# Find The Duplicates using binarySearch python

I got this interview question from Pramp. You can find it online through their website: https://www.pramp.com/challenge/15oxrQx6LjtQj9JK9XlA

### Find The Duplicates

Given two sorted arrays arr1 and arr2 of passport numbers, implement a function findDuplicates that returns an array of all passport numbers that are both in arr1 and arr2. Note that the output array should be sorted in an ascending order.

Let N and M be the lengths of arr1 and arr2, respectively. Solve for two cases and analyze the time & space complexities of your solutions: M ≈ N - the array lengths are approximately the same M ≫ N - arr2 is much bigger than arr1.

Example:

input: arr1 = [1, 2, 3, 5, 6, 7], arr2 = [3, 6, 7, 8, 20]

output: [3, 6, 7] # since only these three

def find_duplicates(arr1, arr2):
output = []

for val in arr1:
if b_search(arr2, val):
output.append(val)

return output

def b_search(A, value):
lower_ind = 0
upper_ind = len(A) - 1

while lower_ind <= upper_ind:
middle_ind = lower_ind + (upper_ind - lower_ind) // 2

if A[middle_ind] == value:
return value
elif A[middle_ind] > value:
upper_ind = middle_ind - 1
elif A[middle_ind] < value:
lower_ind = middle_ind + 1
return False

#I also tested it against the test cases, and it passed all of the test cases.

# Input: [1, 2, 3, 5, 6, 7], [3, 6, 7, 8, 20]

print(find_duplicates([1, 2, 3, 5, 6, 7], [3, 6, 7, 8, 20]))
# Output: [3,6,7]

Test Case #1
Input: [11], [11],
Expected: [11],
Actual: [11]
Test Case #2
Input: [1,3,5,9], [2,4,6,10],
Expected: [],
Actual: []
Test Case #3
Input: [1,2,3,5,6,7], [3,6,7,8,20],
Expected: [3,6,7],
Actual: [3, 6, 7]
Test Case #4
Input: [1,2,3,5,6,7], [7,8,9,10,11,12],
Expected: [7],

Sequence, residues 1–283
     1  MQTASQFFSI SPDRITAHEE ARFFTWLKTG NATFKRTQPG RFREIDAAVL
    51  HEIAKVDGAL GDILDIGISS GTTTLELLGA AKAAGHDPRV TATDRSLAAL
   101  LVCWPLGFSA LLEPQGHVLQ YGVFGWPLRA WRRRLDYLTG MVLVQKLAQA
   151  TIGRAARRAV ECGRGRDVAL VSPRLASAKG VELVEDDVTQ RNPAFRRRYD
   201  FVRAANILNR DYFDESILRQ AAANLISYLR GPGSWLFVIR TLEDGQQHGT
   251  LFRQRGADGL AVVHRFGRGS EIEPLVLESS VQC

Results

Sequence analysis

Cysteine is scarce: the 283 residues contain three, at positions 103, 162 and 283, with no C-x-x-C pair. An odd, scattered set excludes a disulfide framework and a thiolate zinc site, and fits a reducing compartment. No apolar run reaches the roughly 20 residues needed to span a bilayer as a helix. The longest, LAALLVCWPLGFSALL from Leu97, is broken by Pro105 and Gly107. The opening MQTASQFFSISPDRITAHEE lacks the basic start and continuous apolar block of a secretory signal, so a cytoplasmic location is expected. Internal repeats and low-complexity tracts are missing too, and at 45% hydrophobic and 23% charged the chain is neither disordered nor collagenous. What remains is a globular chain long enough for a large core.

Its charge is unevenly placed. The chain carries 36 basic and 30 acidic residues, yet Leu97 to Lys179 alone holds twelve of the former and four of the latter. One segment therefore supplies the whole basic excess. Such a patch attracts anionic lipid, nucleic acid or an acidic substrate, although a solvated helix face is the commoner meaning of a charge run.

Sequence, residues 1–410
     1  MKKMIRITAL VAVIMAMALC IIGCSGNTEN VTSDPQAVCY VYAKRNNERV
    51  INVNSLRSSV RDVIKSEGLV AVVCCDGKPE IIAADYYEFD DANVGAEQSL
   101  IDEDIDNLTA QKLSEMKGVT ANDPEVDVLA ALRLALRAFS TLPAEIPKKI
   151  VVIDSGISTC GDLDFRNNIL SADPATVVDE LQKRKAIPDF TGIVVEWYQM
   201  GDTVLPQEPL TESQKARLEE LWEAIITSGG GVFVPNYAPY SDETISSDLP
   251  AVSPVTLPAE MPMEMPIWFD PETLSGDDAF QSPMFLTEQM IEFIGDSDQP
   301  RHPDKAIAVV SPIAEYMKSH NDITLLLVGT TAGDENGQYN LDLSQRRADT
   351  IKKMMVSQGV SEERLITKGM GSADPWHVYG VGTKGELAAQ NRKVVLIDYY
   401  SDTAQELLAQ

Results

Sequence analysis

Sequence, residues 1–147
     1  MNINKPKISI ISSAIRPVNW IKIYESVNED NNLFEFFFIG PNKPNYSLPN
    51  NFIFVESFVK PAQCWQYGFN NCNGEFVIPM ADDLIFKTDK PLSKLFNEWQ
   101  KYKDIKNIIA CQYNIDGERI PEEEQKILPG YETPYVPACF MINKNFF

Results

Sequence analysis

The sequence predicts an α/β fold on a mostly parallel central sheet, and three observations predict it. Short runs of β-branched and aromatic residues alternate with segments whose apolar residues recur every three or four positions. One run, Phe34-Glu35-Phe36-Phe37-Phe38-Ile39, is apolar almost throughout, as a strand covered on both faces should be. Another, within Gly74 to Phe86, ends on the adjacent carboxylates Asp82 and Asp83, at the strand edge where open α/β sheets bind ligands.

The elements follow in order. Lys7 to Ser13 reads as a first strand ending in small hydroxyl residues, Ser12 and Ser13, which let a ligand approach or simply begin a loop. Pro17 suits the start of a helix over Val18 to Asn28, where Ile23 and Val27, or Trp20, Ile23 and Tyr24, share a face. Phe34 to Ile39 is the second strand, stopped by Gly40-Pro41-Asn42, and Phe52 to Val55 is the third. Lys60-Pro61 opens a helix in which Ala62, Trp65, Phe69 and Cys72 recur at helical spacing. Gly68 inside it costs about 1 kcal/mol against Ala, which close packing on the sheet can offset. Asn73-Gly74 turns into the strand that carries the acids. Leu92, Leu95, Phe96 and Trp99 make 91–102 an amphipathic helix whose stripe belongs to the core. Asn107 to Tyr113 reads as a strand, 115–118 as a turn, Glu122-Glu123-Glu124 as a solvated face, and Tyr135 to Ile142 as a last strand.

Actual: [7]
Test Case #5
Input: [10,20,30,40,50,60,70,80], [10,20,30,40,50,60],
Expected: [10,20,30,40,50,60],
Actual: [10, 20, 30, 40, 50, 60]
Test Case #6
Input: [10,20,30,40,50,60,70], [10,20,30,40,50,60,70],
Expected: [10,20,30,40,50,60,70],
Actual: [10, 20, 30, 40, 50, 60, 70]


• Given that len(arr1) == n and len(arr2) == m, the bisection method has a $O(n \log m)$ time complexity. Notice that it is important which array is scanned, and which is bisected. You really want arr1 to be shorter than arr2 (do you see why?).

• That said, in case M ≈ N the bisection method has $O(n \log n)$ time complexity. However in this case you can achieve $O(n)$. The same linear algorithm applied to the general case yields $O(n + m)$. Picking the right one ($O(n \log m)$ vs $O(n + m)$) is the core of the question as I see it.

I intentionally do not spell the linear algorithm out. It is quite simple.

• Returning value from b_search misses an opportunity to optimize further. Notice that both arrays are sorted, therefore you don't need to search the entire arr2 again and again: you are only interested in values to the right of where the last search ended.

Consider instead returning an index. It should not be an index of the element found, but one that partitions arr2 into strictly smaller, and larger or equal than val. A bisect module conveniently provides a bisect_left method:

    from bisect import bisect_left

def find_duplicates(arr1, arr2):
output = []
index = 0
for val in arr1:
index = bisect_left(arr2, val, index)
if arr2[index] == val:
output.append(val)